6. I am sure that many lighting manufacturers pay little attention to the conditions that are necessary to achieve the maximum life and stability of the LEDs in their fixtures. To really characterize the junction temperature of an LED in a system is not a trivial exercise. It is very easy to build a fixture that turns a 50,000 hour LED into a 10,000 hour LED. It is also easy to design a fixture where failure of 1 LED increases the power through the other LEDs thus having an aging/failure ripple effect. You can also design the fixture so the bad (open) LED prevents the rest of the chain from operating.

7. As for LED ballasts and the like, all mfrs publish a maximum thermal spec. That thermal spec should not be construed that if it is set at 50C (for instance), that you are 100% fine running at 49C and going to instantly fail if you run at 51C. It is much more like a sliding scale with the closer you get to the upper range, the higher the failure rate will be. The upper temp spec is often gated by safety certification agencies like UL that care about burning stuff up and not about how long things last at different temperatures. Adding additional cooling to a particular unit that is running near the upper temp limit may not help, but you can pretty much be guaranteed that if a population of the devices are kept cooler rather than being run at their upper limit, the overall failure rate will be less over time. I like to think about it like the RPM redline in a car. While the car manufacturer says that you can run the motor up to 6000RPM safely, you know darn well that if you run around at 6000RPM all day, your car isn't going to last nearly as long as it would if you cruised around at 2000 RPM.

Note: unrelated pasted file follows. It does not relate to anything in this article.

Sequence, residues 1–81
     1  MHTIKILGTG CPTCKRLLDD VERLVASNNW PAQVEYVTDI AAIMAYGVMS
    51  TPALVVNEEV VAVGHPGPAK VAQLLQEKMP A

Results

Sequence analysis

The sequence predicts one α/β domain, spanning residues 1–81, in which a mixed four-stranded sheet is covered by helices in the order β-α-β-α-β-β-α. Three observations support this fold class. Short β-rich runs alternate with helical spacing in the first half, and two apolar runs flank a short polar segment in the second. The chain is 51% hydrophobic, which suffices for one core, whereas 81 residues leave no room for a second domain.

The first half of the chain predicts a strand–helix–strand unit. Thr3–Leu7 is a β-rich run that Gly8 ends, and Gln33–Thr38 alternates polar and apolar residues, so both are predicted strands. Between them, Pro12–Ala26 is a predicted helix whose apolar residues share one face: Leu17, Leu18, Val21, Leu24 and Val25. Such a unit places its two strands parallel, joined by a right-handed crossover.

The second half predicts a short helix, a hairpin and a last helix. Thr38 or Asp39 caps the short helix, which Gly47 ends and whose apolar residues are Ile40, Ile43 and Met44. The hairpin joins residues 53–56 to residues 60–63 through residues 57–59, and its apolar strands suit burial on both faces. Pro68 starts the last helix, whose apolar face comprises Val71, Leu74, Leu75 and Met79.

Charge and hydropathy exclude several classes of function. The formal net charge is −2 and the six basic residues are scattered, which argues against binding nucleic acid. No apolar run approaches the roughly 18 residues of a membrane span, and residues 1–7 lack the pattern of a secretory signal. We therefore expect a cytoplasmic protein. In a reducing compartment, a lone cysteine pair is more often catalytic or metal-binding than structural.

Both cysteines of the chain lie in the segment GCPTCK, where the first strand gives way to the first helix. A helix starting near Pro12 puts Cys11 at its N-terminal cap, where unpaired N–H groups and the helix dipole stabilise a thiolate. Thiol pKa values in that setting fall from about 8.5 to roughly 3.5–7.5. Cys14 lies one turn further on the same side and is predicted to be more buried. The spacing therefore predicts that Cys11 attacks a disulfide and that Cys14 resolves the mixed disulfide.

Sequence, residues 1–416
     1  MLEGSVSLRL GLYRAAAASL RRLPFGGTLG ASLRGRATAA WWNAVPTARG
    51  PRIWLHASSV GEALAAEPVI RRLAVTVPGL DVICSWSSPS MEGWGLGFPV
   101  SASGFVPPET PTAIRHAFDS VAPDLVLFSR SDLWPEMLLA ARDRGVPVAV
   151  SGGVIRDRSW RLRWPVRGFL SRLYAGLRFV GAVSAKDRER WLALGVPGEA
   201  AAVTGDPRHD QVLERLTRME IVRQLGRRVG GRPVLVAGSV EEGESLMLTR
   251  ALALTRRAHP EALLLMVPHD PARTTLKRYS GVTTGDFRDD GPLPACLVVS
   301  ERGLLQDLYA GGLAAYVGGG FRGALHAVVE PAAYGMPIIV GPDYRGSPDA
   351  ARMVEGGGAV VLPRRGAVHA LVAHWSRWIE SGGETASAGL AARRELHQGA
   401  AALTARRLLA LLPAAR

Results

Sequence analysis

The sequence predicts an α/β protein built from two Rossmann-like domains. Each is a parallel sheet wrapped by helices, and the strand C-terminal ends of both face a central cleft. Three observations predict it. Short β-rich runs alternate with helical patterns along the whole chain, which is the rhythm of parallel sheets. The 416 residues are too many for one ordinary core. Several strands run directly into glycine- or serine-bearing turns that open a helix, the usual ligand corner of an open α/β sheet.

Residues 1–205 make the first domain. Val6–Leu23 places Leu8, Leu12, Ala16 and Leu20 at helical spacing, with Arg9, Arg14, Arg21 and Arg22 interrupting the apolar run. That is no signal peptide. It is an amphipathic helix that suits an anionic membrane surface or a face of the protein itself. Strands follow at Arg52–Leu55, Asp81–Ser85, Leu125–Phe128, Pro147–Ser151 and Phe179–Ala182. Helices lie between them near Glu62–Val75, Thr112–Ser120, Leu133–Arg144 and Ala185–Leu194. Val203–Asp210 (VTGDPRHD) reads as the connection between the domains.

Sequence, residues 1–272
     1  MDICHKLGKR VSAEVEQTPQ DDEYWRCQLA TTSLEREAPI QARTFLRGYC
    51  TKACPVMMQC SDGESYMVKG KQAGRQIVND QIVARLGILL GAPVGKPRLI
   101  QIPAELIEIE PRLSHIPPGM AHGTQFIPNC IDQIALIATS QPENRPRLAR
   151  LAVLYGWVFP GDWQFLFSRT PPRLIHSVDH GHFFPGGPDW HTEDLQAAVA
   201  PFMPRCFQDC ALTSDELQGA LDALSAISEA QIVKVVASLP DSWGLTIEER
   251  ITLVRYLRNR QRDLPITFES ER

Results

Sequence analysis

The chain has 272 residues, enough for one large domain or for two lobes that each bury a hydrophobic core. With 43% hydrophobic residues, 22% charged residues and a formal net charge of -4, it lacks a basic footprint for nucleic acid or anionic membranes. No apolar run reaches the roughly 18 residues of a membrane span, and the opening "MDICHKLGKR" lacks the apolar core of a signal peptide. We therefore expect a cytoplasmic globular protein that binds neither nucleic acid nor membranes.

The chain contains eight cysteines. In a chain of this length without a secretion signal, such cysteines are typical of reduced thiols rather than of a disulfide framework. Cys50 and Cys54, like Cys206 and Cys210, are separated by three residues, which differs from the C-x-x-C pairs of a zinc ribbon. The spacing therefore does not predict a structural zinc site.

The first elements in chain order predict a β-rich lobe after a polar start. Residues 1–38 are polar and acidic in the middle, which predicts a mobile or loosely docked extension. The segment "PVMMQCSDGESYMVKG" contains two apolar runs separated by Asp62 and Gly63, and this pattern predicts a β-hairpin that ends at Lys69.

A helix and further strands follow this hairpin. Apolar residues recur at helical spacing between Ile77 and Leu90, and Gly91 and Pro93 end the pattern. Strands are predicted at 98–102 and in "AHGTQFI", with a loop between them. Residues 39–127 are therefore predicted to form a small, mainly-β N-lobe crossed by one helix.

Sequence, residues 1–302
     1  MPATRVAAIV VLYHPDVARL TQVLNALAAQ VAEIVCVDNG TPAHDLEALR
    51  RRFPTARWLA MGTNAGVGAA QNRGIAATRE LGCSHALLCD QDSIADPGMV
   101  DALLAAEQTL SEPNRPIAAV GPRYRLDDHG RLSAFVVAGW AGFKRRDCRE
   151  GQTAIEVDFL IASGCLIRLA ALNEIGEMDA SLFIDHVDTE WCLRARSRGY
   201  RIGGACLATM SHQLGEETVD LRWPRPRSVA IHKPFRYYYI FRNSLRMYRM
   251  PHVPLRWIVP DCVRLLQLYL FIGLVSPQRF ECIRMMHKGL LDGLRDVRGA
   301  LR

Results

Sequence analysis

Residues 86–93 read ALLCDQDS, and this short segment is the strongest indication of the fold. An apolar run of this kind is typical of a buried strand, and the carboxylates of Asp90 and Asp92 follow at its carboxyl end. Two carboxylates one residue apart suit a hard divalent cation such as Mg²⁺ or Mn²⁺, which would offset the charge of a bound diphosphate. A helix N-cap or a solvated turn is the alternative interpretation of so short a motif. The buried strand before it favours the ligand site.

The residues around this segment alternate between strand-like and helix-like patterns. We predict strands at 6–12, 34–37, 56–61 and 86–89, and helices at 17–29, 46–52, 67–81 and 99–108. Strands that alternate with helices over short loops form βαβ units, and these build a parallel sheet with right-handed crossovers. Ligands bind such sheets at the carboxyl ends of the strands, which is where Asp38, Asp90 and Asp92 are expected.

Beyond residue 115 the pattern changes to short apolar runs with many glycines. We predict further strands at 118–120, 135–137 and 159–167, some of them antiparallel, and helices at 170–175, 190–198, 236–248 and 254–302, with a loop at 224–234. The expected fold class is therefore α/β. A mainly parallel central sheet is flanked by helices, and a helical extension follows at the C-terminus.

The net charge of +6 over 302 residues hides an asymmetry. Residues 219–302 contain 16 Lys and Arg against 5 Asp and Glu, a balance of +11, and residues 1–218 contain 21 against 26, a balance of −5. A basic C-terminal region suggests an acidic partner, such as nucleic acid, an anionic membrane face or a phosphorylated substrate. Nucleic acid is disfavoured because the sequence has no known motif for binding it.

As one hard data point on LED life, we evaluated one well known high powered LED brand where we conducted measurements of stability over time measuring both brightness and color. In this case we were testing Red/Green/Blue LEDs and no white. At 10,000 hours we had measured less that a 1% drop in brightness and almost zero color shift using lab quality equipment. In fact the temperature fluctuations in the testing room had a bigger effect on brightness than time in this test. We were able to chart each time the air conditioning kicked on in the room. These devices were operating in a pulse mode of operation vs constant on, so this provides a more optimal junction temperature for best lifetime, but my point is that LEDs can be very stable over time given the right conditions.

I will also comment that white LEDs are typically phosphor converted blue LEDs. Phosphor has a similar thermally accelerated aging curve and some of the phosphors are bound with epoxy which can also yellow with age and temperature. I would expect that white LEDs would tend to be less well behaved over time in some regards for these reasons, though I don't have much long-term experience with them.

When you factor in not only all of the manufactures who in this industry vary from fairly large companies to garage shops, but also all of the DIY'ers that are randomly combining LEDs, heatsinks, fans and thermal paste into light fixtures, it is easy to image that the exact same LED might be lucky to last 5000 hours in one setup and be good for 25,000 hours in another. The desire to get the maximum brightness possible at the lowest cost possible in this hobby will probably always overrule achieving maximum lifetime because the first two affect the buying decision almost exclusively.